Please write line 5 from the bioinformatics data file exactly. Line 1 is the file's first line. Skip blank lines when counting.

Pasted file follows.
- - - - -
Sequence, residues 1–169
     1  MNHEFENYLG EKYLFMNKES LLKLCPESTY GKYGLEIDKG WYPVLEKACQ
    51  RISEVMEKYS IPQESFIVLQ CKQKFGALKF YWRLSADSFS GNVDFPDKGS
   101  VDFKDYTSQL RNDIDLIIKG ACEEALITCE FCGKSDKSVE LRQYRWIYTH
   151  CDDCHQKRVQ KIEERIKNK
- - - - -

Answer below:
   151  CDDCHQKRVQ KIEERIKNK